french_republican.to_gregorian(20, 1, 1), method='continuous')
# (1811, 9, 24)

# (1811, 9, 23)


All the conversion methods correctly assign the leap years implemented while calendar was in use (3, 7, 11).

## Baha'i

The Bahá'í (Badí) calendar has an intercalary period, Ayyam-i-Há, which occurs between the 18th and 19th months. Dates in this period are returned as month 19, and the month of ‘Alá is reported as month 20.

from convertdate import bahai
# the first day of Ayyam-i-Ha:
bahai.to_gregorian(175, 19, 1)
# (2019, 2, 26)
# The first day of 'Ala:
bahai.to_gregorian(175, 20, 1)
# (2019, 3, 2)


## Before the Common Era

For dates before the Common Era (year 1), convertdate uses astronomical notation: 1 BC is recorded as 0, 2 BC is -1, etc. This makes arithmatic much easier at the expense of ignoring custom.

Note that for dates before 4 CE, convertdate uses the proleptic Julian calendar. The Julian Calendar was in use from 45 BC, but before 4 CE the leap year leap year pattern was irregular.

The proleptic Gregorian calendar is used for dates before 1582 CE, the year of the Gregorian calendar reform.

## Holidays

North American holidays are the current focus of the holidays module, but pull requests are welcome.

from convertdate import holidays

# For simplicity, functions in the holidays module return a tuple
# In the format (year, month, day)

holidays.new_years(2014)
# (2014, 1, 1)

holidays.memorial_day(2014)
# (2014, 5, 26)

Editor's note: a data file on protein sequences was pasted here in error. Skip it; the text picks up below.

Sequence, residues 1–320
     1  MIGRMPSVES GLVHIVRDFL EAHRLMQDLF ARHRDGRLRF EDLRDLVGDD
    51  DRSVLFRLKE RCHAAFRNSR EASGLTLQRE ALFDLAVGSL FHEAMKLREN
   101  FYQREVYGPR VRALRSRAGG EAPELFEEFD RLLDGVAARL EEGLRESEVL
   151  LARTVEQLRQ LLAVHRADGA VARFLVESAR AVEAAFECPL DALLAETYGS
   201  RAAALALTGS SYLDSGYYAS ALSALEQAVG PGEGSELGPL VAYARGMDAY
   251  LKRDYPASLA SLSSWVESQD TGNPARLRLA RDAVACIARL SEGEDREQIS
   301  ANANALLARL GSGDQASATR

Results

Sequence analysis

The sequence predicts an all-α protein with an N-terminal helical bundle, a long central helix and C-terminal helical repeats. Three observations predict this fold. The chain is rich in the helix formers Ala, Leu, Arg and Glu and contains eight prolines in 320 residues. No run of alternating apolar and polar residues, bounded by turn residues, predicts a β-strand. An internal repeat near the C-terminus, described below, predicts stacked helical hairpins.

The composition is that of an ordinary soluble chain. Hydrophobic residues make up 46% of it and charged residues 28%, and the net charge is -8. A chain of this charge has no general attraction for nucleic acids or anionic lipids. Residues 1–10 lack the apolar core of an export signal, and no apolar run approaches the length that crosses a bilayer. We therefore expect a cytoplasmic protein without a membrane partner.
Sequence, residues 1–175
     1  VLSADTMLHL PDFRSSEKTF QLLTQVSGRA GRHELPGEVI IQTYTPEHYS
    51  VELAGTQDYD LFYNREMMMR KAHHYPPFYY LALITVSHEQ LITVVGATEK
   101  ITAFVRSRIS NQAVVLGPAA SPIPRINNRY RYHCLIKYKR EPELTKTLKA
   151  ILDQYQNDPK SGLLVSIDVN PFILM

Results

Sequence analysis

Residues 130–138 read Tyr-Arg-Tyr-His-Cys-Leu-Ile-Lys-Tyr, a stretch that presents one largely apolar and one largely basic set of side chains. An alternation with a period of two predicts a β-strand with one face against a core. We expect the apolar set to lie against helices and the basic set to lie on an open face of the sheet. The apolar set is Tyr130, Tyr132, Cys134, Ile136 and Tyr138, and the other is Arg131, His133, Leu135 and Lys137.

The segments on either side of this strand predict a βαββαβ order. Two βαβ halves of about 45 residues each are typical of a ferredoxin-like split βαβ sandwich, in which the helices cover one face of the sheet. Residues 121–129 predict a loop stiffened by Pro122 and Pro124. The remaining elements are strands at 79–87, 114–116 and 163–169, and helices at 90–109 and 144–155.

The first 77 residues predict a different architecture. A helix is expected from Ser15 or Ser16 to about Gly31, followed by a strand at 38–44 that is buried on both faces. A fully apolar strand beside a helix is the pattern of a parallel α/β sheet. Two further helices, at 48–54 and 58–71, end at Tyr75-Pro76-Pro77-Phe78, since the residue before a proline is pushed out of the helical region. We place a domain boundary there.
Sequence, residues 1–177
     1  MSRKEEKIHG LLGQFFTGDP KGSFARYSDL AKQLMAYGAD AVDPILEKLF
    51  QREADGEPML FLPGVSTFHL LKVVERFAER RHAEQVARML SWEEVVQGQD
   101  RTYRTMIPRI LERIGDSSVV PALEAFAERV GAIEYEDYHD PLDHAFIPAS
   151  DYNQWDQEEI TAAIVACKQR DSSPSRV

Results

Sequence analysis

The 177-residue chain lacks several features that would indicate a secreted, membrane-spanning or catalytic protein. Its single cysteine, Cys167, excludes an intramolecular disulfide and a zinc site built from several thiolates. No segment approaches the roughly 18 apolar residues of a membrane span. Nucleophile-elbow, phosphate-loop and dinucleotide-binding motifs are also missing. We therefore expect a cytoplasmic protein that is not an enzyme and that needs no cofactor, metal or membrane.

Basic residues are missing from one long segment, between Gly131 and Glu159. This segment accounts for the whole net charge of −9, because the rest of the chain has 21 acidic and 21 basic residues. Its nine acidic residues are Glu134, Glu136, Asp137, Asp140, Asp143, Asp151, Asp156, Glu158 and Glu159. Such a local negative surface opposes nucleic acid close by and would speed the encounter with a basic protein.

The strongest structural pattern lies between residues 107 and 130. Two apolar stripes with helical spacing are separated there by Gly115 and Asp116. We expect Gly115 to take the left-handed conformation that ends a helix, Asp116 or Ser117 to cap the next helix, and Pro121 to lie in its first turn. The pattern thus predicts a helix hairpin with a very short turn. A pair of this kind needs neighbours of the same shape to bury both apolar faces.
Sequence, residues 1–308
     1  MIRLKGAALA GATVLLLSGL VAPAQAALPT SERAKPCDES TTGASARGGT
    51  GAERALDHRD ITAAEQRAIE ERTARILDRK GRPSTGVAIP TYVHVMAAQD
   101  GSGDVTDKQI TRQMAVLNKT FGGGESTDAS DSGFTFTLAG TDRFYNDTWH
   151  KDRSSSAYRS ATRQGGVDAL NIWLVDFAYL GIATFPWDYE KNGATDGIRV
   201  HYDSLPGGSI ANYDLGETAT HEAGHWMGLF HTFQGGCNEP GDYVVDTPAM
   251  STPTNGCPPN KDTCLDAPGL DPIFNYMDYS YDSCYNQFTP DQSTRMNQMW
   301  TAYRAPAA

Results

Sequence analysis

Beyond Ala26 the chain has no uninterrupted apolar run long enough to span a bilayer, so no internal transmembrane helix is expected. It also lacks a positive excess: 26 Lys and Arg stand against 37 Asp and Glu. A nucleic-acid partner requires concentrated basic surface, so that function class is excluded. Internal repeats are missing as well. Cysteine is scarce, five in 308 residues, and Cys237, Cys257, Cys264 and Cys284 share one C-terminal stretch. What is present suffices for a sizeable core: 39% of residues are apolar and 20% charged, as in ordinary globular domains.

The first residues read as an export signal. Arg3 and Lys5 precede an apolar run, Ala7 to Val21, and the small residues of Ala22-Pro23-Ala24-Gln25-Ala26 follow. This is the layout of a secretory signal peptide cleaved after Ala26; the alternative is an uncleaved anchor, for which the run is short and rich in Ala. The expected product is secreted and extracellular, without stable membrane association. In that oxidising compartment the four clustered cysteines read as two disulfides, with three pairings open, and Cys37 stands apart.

# USA is default
holidays.thanksgiving(2014)
# (2014, 11, 27)

# But there is a Canadian option for some holidays
# (2014, 10, 13)

# Mexican national holidays
holidays.natalicio_benito_juarez(2016)
# (2016, 3, 21)

holidays.dia_revolucion(2016)
# (2016, 11, 21)

# Some Jewish holidays are included
holidays.rosh_hashanah(2014)

# Easter can be calculated according to different churches
# ('western', 'orthodox', 'eastern')
# The eastern Christian computation differs from the Orthodox one
# 4 times in each 532-year cycle.

holidays.easter(2019)
# (2019, 4, 21)
holidays.easter(2019, church="orthodox")
# (2019, 4, 28)
holidays.easter(2019, church="orthodox")
# (2019, 4, 28)


## Utils

Convertdate includes some utilities for manipulating and calculating dates.

from convertdate import utils

# Calculate an arbitrary day of the week
THUR = 3
APRIL = 4

# 3rd Thursday in April
utils.nth_day_of_month(3, THUR, APRIL, 2014)
# (2014, 4, 17)

utils.nth_day_of_month(5, THUR, APRIL, 2014)
# IndexError: No 5th day of month 4

# Use 0 for the first argument to get the last weekday of a month
utils.nth_day_of_month(0, THUR, APRIL, 2014)
# (2014, 4, 24)


Note that when calculating weekdays, convertdate uses the convention of the calendar and time modules: Monday is 0, Sunday is 6.

from convertdate import gregorian

SUN = 6

day = gregorian.to_jd(2014, 4, 17)
nextsunday = utils.next_weekday(SUN, day)

gregorian.from_jd(nextsunday)
# (2014, 4, 20)


Other utility functions:

• nearest_weekday
• next_or_current_weekday
• previous_weekday
• previous_or_current_weekday

## Project details